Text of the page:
The research was published online ahead of print in the journal Technology in Cancer Research and Treatment.

The BNNT nanotube material used in the study was produced through research supported by the NASA Langley Creativity and Innovation Program, the NASA Subsonic Fixed Wing program, DOE's Jefferson Lab and the Commonwealth of Virginia.

####

About DOE/Thomas Jefferson National Accelerator Facility
Jefferson Lab is managed and operated for the U.S. Department of Energy's Office of Science by Jefferson Science Associates, LLC, a joint venture between Southeastern Universities Research Association, Inc. and CSC Applied Technologies, LLC.

For more information, please click here

Contacts:
Kandice Carter
Jefferson Lab Public Affairs

757-269-7263

Copyright © DOE/Thomas Jefferson National Accelerator Facility

If you have a comment, please Contact us.

Issuers of news releases, not 7th Wave, Inc. or Nanotechnology Now, are solely responsible for the accuracy of the content.

Bookmark:
Delicious Digg Newsvine Google Yahoo Reddit Magnoliacom Furl Facebook

Related News Press

News and information

Hybrid nanoantennas -- next-generation platform for ultradense data recording April 28th, 2016

Superfast light source made from artificial atom April 28th, 2016

Arrowhead Pharmaceuticals Files for Regulatory Clearance to Begin Phase 1/2 Study of ARC-521 April 28th, 2016

The Translational Research Center at the University Hospital of Erlangen in Germany uses the ZetaView from Particle Metrix to quantify extracellular vesicles such as exosomes April 28th, 2016

Laboratories

NREL finds nanotube semiconductors well-suited for PV systems April 27th, 2016

NREL theory establishes a path to high-performance 2-D semiconductor devices April 27th, 2016

Brookhaven's Oleg Gang Named a Battelle 'Inventor of the Year': Recognized for work using DNA to guide and regulate the self-assembly of nanoparticles into clusters and arrays with controllable properties April 25th, 2016

Cleaning up hybrid battery electrodes improves capacity and lifespan: New way of building supercapacitor-battery electrodes eliminates interference from inactive components April 22nd, 2016

Govt.-Legislation/Regulation/Funding/Policy

Nanoparticles hold promise as double-edged sword against genital herpes April 28th, 2016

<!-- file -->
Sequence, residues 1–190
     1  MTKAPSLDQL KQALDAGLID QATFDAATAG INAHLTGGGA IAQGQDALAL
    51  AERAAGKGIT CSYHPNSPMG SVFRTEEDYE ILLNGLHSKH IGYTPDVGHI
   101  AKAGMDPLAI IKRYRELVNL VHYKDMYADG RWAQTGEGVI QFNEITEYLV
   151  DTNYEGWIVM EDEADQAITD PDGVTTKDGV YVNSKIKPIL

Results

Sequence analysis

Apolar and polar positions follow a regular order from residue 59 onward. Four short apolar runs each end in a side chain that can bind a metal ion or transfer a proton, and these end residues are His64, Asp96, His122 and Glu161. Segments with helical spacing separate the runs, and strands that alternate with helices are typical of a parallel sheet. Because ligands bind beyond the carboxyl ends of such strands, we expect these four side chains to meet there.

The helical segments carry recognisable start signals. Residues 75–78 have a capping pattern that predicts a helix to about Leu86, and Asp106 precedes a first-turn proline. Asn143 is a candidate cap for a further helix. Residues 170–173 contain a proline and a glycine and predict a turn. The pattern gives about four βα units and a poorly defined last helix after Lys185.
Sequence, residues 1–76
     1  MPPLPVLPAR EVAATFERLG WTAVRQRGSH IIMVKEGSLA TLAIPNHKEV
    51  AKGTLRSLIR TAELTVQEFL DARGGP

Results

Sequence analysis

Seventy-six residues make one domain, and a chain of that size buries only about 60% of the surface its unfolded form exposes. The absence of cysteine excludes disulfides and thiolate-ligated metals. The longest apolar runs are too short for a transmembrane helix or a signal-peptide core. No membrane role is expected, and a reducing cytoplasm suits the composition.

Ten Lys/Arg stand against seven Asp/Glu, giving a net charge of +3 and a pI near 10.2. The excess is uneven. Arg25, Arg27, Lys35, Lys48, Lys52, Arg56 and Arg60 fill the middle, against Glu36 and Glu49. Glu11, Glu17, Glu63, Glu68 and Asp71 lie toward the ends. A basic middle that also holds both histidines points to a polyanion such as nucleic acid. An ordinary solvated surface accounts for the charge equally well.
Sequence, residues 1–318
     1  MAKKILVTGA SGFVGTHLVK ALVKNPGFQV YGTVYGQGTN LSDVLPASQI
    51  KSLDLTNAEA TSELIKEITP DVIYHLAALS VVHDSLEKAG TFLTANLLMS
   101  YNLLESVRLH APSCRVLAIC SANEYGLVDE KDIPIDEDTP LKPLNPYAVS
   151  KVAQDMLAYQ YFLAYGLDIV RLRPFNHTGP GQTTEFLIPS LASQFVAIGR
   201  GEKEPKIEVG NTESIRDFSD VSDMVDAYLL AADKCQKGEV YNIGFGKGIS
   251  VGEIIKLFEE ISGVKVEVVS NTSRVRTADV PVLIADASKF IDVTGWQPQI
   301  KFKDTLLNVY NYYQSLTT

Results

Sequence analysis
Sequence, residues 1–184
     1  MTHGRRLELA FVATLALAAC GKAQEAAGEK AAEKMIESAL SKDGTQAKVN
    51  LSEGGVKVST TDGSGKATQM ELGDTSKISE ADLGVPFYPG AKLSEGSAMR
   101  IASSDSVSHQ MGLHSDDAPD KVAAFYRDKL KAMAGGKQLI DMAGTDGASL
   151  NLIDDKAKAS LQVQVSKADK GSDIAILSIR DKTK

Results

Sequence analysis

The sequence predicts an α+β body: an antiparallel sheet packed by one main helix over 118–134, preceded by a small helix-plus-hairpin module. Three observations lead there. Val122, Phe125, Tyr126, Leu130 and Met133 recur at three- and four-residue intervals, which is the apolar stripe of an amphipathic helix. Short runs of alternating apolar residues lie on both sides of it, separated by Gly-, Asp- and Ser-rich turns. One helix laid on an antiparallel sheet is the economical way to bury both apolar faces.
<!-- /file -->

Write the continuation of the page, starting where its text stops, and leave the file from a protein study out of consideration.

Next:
Arrowhead Pharmaceuticals Files for Regulatory Clearance to Begin Phase 1/2 Study of ARC-521 April 28th, 2016

NREL theory establishes a path to high-performance 2-D semiconductor devices April 27th, 2016

Researchers create artificial protein to control assembly of buckyballs April 27th, 2016

Nanomedicine

Nanoparticles hold promise as double-edged sword against genital herpes April 28th, 2016

Arrowhead Pharmaceuticals Files for Regulatory Clearance to Begin Phase 1/2 Study of ARC-521 April 28th, 2016

The Translational Research Center at the University Hospital of Erlangen in Germany uses the ZetaView from Particle Metrix to quantify extracellular vesicles such as exosomes April 28th, 2016

JPK reports on the use of a NanoWizard AFM system at the University of Kaiserslautern to study the interaction of bacteria with microstructured surfaces April 28th, 2016

Announcements

Hybrid nanoantennas -- next-generation platform for ultradense data recording April 28th, 2016

Superfast light source made from artificial atom April 28th, 2016

Arrowhead Pharmaceuticals Files for Regulatory Clearance to Begin Phase 1/2 Study of ARC-521 April 28th, 2016

The Translational Research Center at the University Hospital of Erlangen in Germany uses the ZetaView from Particle Metrix to quantify extracellular vesicles such as exosomes April 28th, 2016

Research partnerships

Nanoparticles hold promise as double-edged sword against genital herpes April 28th, 2016

Researchers create a first frequency comb of time-bin entangled qubits: Discovery is a significant step toward multi-channel quantum communication and higher capacity quantum computers April 28th, 2016

Nanograft seeded with 3 cell types promotes blood vessel formation to speed wound healing April 27th, 2016

NREL finds nanotube semiconductors well-suited for PV systems April 27th, 2016

NanoNews-Digest
The latest news from around the world, FREE




  Premium Products
NanoNews-Custom
Only the news you want to read!
 Learn More
NanoTech-Transfer
University Technology Transfer & Patents
 Learn More
NanoStrategies
Full-service, expert consulting
 Learn More











ASP
Nanotechnology Now Featured Books




NNN

The Hunger Project







Car Brands
Buy website traffic